haveibeenpwned has downloadable files that contains about 320 million password hashes that have been involved in known data breaches.
This site has a search feature that allows you to check whether a password exists in the list of known breached passwords. From a security perspective, entering passwords into a public website is a very bad idea. Thankfully, the downloadable files make it possible to perform this analysis offline.
Fast random access of a dataset that contains hundreds of millions of records is a great fit for HBase. Queries execute in a few milliseconds. In the example below, we'll load the data into HBase. We'll then use a few lines of Python to convert passwords into a SHA-1 hash and query HBase to see if they exist in the pwned list.
CREATE EXTERNAL TABLE pwned_hashes (
ROW FORMAT DELIMITED
LINES TERMINATED BY '\n'
STORED AS TEXTFILE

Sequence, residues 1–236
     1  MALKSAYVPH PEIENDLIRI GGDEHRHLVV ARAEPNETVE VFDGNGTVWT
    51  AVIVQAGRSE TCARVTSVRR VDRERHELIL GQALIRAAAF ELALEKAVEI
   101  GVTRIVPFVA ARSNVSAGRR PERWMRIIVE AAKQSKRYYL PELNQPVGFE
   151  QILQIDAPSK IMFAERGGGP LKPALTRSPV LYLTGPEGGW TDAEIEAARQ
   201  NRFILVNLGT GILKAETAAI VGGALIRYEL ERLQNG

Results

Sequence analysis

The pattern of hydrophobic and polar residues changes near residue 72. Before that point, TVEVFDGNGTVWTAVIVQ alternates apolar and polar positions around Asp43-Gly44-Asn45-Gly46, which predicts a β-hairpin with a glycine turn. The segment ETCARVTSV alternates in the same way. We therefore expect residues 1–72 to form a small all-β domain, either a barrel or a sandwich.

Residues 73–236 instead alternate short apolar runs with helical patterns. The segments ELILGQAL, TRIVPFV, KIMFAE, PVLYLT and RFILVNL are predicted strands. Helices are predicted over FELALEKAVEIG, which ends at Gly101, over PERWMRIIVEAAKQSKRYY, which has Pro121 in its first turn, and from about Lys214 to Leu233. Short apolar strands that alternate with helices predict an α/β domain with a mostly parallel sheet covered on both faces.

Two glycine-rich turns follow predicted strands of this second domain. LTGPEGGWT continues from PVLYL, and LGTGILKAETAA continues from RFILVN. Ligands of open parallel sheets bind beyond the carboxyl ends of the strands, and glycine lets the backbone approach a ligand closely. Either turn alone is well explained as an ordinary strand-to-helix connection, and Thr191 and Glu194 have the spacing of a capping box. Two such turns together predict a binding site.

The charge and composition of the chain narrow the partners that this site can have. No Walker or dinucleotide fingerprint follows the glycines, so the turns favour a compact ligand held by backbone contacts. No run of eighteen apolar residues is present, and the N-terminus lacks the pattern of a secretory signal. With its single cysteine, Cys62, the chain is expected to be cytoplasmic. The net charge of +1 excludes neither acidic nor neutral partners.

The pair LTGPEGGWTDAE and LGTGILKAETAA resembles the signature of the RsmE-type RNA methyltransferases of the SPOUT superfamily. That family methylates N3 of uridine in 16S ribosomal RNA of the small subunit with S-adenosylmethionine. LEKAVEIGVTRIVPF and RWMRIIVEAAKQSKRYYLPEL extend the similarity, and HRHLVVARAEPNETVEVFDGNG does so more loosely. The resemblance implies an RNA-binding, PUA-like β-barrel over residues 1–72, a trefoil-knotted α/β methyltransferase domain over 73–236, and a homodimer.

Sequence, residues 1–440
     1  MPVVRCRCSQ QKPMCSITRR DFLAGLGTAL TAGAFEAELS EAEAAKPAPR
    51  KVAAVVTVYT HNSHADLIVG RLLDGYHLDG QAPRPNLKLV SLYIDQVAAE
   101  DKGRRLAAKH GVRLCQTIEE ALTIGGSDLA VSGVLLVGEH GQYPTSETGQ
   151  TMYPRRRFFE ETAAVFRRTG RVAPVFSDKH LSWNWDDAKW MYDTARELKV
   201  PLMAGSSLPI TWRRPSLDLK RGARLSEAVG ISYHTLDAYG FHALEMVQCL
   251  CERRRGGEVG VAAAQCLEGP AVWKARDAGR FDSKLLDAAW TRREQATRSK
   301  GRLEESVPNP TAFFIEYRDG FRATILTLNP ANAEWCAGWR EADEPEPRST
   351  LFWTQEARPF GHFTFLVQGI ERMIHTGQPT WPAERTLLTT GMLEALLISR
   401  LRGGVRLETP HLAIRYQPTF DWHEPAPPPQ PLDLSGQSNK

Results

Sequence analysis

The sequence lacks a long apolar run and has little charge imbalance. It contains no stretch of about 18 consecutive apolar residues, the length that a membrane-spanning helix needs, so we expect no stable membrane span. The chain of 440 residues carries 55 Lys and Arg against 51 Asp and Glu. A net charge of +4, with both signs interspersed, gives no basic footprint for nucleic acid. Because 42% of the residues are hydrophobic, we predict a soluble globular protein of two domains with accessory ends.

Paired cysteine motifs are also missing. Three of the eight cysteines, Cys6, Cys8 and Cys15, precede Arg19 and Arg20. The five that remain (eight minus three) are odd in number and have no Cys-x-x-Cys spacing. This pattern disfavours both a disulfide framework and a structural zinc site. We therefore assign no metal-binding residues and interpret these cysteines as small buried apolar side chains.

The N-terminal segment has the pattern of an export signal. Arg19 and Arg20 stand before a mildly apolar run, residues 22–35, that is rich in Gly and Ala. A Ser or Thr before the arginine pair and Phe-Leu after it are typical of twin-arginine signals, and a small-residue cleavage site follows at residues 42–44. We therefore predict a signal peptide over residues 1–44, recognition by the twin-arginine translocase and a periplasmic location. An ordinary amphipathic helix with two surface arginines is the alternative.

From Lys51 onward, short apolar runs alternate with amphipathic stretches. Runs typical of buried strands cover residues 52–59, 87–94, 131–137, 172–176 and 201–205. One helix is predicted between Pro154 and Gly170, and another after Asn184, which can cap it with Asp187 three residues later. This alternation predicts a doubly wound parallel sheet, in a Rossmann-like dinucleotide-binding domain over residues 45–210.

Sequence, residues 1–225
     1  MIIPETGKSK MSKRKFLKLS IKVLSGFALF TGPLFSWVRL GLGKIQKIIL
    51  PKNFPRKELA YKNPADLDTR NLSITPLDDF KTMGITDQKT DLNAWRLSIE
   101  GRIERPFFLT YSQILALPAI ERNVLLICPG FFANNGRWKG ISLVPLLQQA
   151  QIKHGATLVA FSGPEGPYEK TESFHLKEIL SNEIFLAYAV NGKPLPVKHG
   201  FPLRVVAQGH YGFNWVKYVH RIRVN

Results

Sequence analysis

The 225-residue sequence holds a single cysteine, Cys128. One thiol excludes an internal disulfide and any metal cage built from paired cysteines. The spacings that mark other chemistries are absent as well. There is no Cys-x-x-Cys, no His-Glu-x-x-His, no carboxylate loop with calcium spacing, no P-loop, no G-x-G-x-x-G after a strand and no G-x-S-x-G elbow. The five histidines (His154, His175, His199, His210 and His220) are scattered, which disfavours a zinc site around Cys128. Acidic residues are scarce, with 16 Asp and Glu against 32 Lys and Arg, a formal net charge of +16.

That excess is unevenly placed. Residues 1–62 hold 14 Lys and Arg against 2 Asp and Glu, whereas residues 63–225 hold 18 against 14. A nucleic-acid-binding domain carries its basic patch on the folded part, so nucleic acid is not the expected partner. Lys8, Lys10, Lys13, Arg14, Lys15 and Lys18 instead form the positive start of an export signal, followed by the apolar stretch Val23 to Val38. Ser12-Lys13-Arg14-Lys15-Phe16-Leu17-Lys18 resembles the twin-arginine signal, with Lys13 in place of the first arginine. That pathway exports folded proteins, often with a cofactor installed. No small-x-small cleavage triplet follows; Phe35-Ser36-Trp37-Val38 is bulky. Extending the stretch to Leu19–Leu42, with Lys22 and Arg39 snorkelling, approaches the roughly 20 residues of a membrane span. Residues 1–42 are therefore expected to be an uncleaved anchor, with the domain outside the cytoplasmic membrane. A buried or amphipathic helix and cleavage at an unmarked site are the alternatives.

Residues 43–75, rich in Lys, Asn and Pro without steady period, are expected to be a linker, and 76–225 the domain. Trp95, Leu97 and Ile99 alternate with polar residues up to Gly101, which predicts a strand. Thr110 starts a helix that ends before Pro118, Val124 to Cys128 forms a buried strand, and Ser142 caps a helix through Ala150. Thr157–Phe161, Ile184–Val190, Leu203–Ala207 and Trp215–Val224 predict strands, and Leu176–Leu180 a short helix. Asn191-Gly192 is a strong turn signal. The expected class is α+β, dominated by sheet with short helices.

Hive has storage handlers that enable us to query hive using the familiar SQL syntax, and benefit from the characteristics of the underlying database technology. In this case, we'll create an HBase backed Hive table:
CREATE TABLE `pwned_hashes_hbase` (
ROW FORMAT SERDE
WITH SERDEPROPERTIES (
Note the second column, 'hash_exists', in the HBase backed table. It's necessary to do this because HBase is a columnar database and cannot return just a rowkey. Now we can simply insert the data into the HBase table using Hive:
INSERT INTO pwned_hashes_hbase SELECT sha1, true FROM pwned_hashes;
In order to query this HBase table, Python has an easy to use HBase library called HappyBase that relies on the thrift protocol. In order to use this, it's necessary to start thrift: